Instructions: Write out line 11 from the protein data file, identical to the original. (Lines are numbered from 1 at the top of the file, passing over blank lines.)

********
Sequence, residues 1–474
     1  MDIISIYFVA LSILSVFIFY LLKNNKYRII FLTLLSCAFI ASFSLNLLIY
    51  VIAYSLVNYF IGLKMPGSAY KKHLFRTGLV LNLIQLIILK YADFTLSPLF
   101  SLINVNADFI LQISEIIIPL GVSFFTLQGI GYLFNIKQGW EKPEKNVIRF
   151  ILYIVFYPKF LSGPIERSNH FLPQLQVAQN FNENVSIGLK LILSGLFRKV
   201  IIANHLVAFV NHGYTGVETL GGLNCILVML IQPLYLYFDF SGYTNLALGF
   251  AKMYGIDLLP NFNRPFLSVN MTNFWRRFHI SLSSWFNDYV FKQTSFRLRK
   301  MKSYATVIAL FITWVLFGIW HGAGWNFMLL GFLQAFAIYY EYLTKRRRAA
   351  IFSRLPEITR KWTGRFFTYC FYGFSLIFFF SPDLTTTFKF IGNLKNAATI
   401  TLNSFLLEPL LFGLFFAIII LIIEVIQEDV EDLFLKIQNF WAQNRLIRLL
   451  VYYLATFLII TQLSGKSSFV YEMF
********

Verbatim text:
   451  VYYLATFLII TQLSGKSSFV YEMF